Failing to Work with Professionals 

Business brokers and M&A advisors understand all of these variables. They understand the mistakes that business owners can make when preparing to sell their business. Just as importantly, they understand the steps necessary to circumvent them. Working with a brokerage professional well before putting your business up for sale will dramatically increase your odds of a successful outcome. You’ll also want a solid team of other professionals including an experienced attorney and accountant.

Copyright: Business Brokerage Press, Inc.

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What You Need to Know About the Confidential Business Review

There are many different strategies that will likely be deployed during the sales process. In this article, we’ll focus on how to utilize the Confidential Business Review CBR and/or CIM. Frequently, the Confidential Business Review is also referred to as a Confidential Information Memorandum. But no matter what name is used, the CBR/CIM provides a pathway for obtaining the highest selling price possible.

It is important to understand that the CBR/CIM must be factual at its core. Yet simultaneously, the CBR/CIM can function as a promotional and sales tool. The CBR/CIM can be integrated with an Executive Summary in the document, which allows prospective buyers a way to learn more about the business.

Through the Executive Summary section of the CBR/CIM, prospective buyers can quickly gain insight into the key highlights of a given company. The outline should include key factors, such as an overview of the ownership and management structure as well as a description of both the business and financial highlights. The company’s products and services should also be covered in detail. Importantly, the CBR/CIM should include why the business is for sale and some information about the market.

A well-constructed Executive Summary helps to both guide and motivate a prospective buyer so that they become motivated to learn more and take action. The Executive Summary should grab hold of anyone who reads the high points and illuminate why your business is valuable.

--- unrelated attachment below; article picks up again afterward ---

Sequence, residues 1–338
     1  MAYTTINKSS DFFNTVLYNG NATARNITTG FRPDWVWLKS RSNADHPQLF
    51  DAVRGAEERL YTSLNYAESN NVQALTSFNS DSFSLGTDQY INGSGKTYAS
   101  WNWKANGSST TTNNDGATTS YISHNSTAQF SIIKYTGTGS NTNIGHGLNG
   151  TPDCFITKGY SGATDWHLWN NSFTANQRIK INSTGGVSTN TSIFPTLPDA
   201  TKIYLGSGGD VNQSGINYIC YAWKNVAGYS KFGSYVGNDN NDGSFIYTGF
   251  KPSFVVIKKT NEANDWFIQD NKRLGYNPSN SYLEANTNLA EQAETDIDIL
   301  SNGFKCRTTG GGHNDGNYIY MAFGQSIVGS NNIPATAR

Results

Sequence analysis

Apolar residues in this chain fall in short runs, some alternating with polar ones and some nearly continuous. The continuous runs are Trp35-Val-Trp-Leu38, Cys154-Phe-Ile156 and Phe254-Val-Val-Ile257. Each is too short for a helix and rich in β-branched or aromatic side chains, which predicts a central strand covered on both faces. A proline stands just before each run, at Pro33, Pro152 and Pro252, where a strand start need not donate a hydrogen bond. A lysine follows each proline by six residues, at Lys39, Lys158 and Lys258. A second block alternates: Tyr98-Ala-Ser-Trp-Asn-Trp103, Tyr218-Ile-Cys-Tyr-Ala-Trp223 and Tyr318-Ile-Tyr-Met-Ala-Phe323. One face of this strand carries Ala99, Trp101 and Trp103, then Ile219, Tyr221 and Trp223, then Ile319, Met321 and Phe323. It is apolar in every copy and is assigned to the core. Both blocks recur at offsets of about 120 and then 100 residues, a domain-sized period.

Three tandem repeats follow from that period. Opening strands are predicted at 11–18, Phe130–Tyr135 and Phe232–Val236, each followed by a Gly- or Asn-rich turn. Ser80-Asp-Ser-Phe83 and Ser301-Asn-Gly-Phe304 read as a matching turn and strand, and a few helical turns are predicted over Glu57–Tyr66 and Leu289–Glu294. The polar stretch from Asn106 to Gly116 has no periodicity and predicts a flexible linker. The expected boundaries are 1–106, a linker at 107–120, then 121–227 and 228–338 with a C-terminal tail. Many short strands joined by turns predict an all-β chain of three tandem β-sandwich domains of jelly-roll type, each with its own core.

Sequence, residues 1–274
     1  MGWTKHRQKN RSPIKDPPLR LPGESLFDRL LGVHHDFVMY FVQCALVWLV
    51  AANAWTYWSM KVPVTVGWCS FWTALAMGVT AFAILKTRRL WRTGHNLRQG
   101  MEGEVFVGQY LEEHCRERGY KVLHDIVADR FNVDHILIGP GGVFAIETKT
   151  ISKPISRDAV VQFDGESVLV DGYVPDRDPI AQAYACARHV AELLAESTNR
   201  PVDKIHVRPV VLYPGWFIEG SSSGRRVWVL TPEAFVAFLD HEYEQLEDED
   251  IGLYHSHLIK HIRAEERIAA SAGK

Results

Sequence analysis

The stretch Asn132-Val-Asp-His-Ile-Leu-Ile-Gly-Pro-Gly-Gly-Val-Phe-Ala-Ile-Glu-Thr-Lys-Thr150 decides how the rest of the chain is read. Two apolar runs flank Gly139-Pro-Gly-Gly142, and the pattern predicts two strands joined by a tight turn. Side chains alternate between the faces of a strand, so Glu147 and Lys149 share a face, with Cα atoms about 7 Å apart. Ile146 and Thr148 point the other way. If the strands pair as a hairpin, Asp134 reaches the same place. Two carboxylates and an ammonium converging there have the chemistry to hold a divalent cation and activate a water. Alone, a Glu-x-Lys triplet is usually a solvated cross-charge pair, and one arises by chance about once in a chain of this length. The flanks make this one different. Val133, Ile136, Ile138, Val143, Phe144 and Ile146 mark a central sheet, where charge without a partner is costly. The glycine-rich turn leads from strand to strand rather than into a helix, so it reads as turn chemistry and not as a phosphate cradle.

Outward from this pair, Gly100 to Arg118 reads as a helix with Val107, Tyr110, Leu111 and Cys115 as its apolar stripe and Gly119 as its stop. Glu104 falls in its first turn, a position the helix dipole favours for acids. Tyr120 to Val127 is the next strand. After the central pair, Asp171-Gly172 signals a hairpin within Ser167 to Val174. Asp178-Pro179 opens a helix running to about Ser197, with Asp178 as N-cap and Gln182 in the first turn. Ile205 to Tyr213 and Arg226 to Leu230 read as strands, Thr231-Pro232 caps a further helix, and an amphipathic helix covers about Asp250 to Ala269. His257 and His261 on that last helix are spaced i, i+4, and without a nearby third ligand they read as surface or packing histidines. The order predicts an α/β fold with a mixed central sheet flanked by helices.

Many variables can be included in the CBR/CIM. Everything from the history of your company and what it does for the markets it serves and the products it creates can all be found in this document. Other topics such as the current state of competition, your key customers, management, your growth strategies, various financial information and other important variables can all be included in a CBR/CIM.

The creation of a coherent and persuasive CBR/CIM, one that motivates a prospective buyer or their representative to take action, is an artform. Much like it is prudent to invest both time and resources to the creation of an excellent confidentiality agreement, the same holds true for the creation of a CBR/CIM.

Business Brokers and M&A Advisors are experts in the creation of key sales documents, such as the CBR/CIM. One of the quickest and easiest ways to create an excellent CBR/CIM is to work with an experienced Business Broker as they understand exactly what should be in an offering memorandum. This document may very well be the first important contact point with a prospective buyer. For this reason, it should be designed to work to your benefit in a variety of ways.

Copyright: Business Brokerage Press, Inc.

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Making the Most Out of Your Confidentiality Agreements

Great deals can quickly be derailed when confidentiality agreements are not properly used and observed. The number of headaches that can occur due to a failure to follow the requirements of a confidentiality agreement are rather extensive. Whether it is employees discovering the potential sale, to the loss of key customers or even alerting a competitor that your business is for sale, there is no end to the headaches that can arise when a confidentiality agreement is not in place or adhered to. Simply stated, adhering to confidentiality is one of the most important aspects of the entire sales process.

Thanks to a well-constructed confidentiality agreement, sellers can enjoy protection from the disclosure of critical and confidential information during the sales process. While confidential agreements may have originated as a way to safeguard against prospective buyers revealing information about a seller’s business, these agreements have evolved to consider numerous seller concerns.